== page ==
Macayla had a week of frequent vomiting. Then I noticed an unusual breathing pattern on Friday night. She took two quick, deep breaths, followed by a shorter breath and then she would not breathe for about 8-10 seconds. She did not seem in distress. We learned this pattern is called Cheyne-Stokes (pronounced "chain-stokes"). Saturday morning she ran a fever of about 102 and her breathing was a normal pattern, but raspy. We took her in for a chest xray and they said it showed no pneumonia. Sunday night she began vomiting profusely and it was difficult to get her to recover. She had four bouts of vomiting through the night. Between those times, she was asleep, but her breathing was much more intense and started the Cheyne-Stokes pattern again. She seemed to be straining to breathe more than usual and the breaths were raspy. Suctioning did not help.
Her fever returned and got up to 103 and then went back down again without any medication. This indicated her hypothalamus in the brain stem was not functioning properly as it controls body temp. After a touch-and-go all nighter, Macayla recovered and slept most of the next day and night. On Tuesday afternoon, I finally was able to get some responses from her. Her last smile was on Tuesday afternoon. She fell asleep that evening and remained asleep the rest of the time.
The last three days of life we saw the following symptoms. I thought a list might make it easier for you. If you have any questions or want more detail, email or comment.
- Macayla's fever went up and down on its own without medicine over the course of a couple of hours.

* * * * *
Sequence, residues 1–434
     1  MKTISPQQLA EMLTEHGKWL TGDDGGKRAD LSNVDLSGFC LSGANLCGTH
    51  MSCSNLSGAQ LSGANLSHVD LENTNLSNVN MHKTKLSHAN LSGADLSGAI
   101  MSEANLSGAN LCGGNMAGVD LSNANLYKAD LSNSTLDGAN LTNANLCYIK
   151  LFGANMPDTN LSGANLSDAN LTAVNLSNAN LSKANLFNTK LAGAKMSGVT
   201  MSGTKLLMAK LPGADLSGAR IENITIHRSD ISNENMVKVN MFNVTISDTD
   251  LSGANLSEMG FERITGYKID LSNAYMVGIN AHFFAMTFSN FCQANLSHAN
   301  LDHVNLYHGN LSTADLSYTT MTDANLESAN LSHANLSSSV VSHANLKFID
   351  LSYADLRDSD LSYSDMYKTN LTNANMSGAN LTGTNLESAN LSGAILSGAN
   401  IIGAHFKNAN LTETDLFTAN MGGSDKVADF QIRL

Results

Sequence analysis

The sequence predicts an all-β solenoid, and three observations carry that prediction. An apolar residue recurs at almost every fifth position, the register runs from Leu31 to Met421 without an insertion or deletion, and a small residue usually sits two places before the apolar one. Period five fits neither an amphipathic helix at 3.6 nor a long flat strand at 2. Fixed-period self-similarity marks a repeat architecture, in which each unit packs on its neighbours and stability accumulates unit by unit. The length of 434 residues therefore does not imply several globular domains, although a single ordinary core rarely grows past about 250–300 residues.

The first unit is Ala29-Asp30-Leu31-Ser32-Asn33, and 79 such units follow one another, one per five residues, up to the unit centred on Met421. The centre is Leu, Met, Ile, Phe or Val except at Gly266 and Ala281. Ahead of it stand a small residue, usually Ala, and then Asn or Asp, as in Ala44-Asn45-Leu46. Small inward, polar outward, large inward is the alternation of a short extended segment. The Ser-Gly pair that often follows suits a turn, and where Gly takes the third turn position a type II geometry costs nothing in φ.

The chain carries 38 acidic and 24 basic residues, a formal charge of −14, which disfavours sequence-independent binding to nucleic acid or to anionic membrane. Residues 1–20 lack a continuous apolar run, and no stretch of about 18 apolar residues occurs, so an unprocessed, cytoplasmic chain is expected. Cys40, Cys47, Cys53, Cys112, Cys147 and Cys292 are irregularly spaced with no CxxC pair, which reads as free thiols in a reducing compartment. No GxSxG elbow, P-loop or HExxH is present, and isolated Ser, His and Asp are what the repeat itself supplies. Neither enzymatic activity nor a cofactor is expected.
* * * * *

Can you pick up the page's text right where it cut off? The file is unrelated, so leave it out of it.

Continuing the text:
- She had Cheyne-Stokes breathing patterns. She may have two or three breaths followed by a apnea spell that would last 10 seconds and as long as a minute (especially toward the end).
- Circulation centralized and blood flow to the limbs slowed. We had a hard time finding a pulse in her feet and legs and even the pulse in her wrist was weak at times.
- Her lungs got "wet" and began to fill with fluids. She sounded raspy on every breath and it got worse over time. She would cough some at first, but most of the time she was unable. In the hospital, they can stick a tube down into the lungs and keep them clearer, but at some point we would face the decision to remove the tube and in Macayla's case she would just start the process again. Intubation (as it is called) would not change what was happening to Macayla or the ultimate outcome for her. For others, it might buy some time if needed. We chose for Macayla to be at home and not attached to machines in the end. For our situation, the machines would not change anything. Each family must decide for themselves what is best.